Womenetics: Interview with Academy Award winner Sharmeen Obaid-Chinoy

A native of Pakistan, Sharmeen Obaid-Chinoy grew up knowing that women faced the threat of acid attacks. But it wasn’t until much later in life that the severity of these attacks and the awareness of the circumstances behind them prompted her to co-direct the documentary that won her an Oscar at this years’ Academy Awards.

“When Daniel Junge asked me to co-direct ‘Saving Face’ I felt it was the opportune moment to shed light on a prevailing evil in Pakistan and to create critical and effective discourse around the issue,” Obaid-Chinoy said. “However, when fieldwork began and I was able to witness the extent of what survivors have to endure, I was deeply affected and galvanized to stimulate change.”

The film follows two women, Zakia and Rukhsana, who have survived acid attacks. Both were attacked by their husbands and are fighting to rebuild their faces, their lives and the justice system surrounding the violence.

The man in charge of reconstructing the visceral scars was Dr. Mohammad Jawad. Jawad, a Pakistani plastic surgeon residing in the United Kingdom, performed this surgery for the first time on Katie Piper, a British model and acid attack survivor.

“Daniel heard about this case on BBC radio and decided to look into Dr. Jawad’s work. When he learnt that Dr. Jawad was flying to Pakistan multiple times a year to perform pro bono surgery on acid victims, he decided to document his work,” Obaid-Chinoy said.

Obaid-Chinoy described Dr. Jawad as a hero. The women in the film shared the same sentiment. They trusted him as the bandages came off and gratefulness and relief took over their faces.

The attacks are centralized in the Saraiki Belt, according to Obaid-Chinoy, an area in Southern Punjab that is known for high unemployment, low literacy levels and poor infrastructure – all harboring a backwards mindset.

“Women in this society are considered to be symbols of their family’s honor,” Obaid-Chinoy said. “When a woman is attacked with acid she is permanently disfigured, and her scars are seen as a permanent mark of shame, a reminder of the perpetrator’s motive to attack.”

After the attacks the women are often locked away and hidden from society, leaving them ostracized from their communities and their families. Rukhsana was condemned to a room of her own after her attack. Bricks were laid where a doorway once stood to disconnect her from her in-laws, her husband and her children.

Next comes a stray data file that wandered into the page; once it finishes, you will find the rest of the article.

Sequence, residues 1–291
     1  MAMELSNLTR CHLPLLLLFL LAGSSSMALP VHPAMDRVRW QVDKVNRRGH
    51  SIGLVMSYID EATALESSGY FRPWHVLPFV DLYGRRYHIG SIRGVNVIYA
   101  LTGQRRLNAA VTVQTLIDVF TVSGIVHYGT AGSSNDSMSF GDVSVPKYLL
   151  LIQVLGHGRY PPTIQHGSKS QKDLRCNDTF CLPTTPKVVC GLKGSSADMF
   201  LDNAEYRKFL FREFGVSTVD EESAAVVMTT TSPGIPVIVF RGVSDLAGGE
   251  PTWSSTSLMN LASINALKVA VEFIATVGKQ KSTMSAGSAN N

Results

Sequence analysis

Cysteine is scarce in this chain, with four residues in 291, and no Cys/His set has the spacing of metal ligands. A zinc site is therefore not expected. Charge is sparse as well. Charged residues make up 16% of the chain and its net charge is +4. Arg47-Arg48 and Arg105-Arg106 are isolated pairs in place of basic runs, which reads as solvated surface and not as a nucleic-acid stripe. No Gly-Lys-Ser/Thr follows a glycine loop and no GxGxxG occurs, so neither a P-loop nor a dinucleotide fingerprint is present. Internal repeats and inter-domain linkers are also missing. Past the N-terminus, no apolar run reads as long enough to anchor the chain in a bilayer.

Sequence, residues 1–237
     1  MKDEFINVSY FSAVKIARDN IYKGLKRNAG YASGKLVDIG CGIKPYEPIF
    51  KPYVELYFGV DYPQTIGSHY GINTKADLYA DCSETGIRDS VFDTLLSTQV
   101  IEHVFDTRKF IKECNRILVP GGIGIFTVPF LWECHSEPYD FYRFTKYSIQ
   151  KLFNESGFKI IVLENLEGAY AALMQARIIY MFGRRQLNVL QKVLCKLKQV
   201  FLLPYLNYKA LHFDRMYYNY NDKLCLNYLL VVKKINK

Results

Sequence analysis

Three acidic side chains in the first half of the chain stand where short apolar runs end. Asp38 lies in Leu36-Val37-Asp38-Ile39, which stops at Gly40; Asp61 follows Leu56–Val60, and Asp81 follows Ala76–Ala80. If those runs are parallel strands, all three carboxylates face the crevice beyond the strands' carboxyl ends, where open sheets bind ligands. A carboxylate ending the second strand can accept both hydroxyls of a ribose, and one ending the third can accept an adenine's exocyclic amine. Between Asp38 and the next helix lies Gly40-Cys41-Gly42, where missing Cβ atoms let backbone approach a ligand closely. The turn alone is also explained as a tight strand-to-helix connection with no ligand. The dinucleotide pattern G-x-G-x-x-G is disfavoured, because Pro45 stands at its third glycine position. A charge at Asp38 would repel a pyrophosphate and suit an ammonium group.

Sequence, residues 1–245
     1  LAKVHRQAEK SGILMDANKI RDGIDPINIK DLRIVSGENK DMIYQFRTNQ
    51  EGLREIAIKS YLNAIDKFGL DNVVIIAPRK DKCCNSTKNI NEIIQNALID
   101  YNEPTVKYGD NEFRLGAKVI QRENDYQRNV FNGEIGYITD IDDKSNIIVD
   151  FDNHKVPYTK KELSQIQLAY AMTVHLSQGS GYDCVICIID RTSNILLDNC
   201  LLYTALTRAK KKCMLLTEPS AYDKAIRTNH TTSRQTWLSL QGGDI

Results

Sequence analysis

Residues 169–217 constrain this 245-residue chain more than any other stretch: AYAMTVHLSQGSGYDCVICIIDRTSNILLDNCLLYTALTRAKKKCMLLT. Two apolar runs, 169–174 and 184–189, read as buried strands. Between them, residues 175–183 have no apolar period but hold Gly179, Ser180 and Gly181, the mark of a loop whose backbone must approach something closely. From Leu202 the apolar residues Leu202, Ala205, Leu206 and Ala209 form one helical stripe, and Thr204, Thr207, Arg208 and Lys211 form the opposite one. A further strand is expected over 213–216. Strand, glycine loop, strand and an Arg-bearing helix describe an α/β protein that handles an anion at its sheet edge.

“Gender inequality in Pakistan remains a vital issue. Women in societies such as that of the Saraiki belt are perceived as symbols of their family’s honor and thus have stringent societal expectations placed on them,” Obaid-Chinoy said. “Their behavior is observed very critically, and they are often severely penalized if perceived as stepping outside the boundaries that society has imposed upon them.”

One of the most poignant moments in the film combines Zakia waiting to hear if her husband has been convicted for his brutality toward her and if the bill for harsher sentences for acid attacks would be passed by parliament. Obaid-Chinoy and her crew documented the process of bringing the bill – that stated that a person convicted of committing an acid attack would receive life imprisonment – to parliament and the final vote.

“My team and I documented courageous survivors testify[ing] their stories in parliament, and bold women, such as parliamentarian Marvi Memon, lobby for this bill,” Obaid-Chinoy said. “Watching the parliament pass the bill unanimously felt like a victory for people working for women’s rights all over the world.”

In addition to witnessing the passing of the bill, Obaid-Chinoy was there when Zakia received the news that her case was the first to be tried under the new bill. Her husband received two life sentences. But even with parliament supporting the people who have been victims of these attacks, the stigmas and fears still remain.

“We have launched a campaign to educate communities in Pakistan about the passing of this bill and to raise awareness on the effects of acid violence by using ‘Saving Face’ as a tool to raise support,” Obaid-Chinoy said. “We are airing public service messages of this nature on television and radio in the Saraiki belt.”

Obaid-Chinoy and the people behind “Saving Face” have partnered with Islamic Help, a faith-based, youth-driven nonprofit organization headquartered in the U.K. that works to alleviate poverty,  to provide educational materials and programs to assist in changing the mindset of the people in these areas. The hope is to give women the courage to report the attacks and bring their attackers to justice, Obaid-Chinoy said.

“We must work to ensure that the government implements this new bill and simultaneously try to change the mindset that allows for gender-based violence,” Obaid-Chinoy said. “We hope that the project we are working on with Islamic Help will be able to make some headway in Pakistan, and then we can model this plan in other countries.”

Sharmeen Obaid-Chinoy continues her efforts in gender equality through her films and work as a journalist uncovering and exposing violent and unjust treatment. For more information on her work, visitsharmeenobaidfilms.com.

*Previously published on Womenetics.com, September, 2012. 

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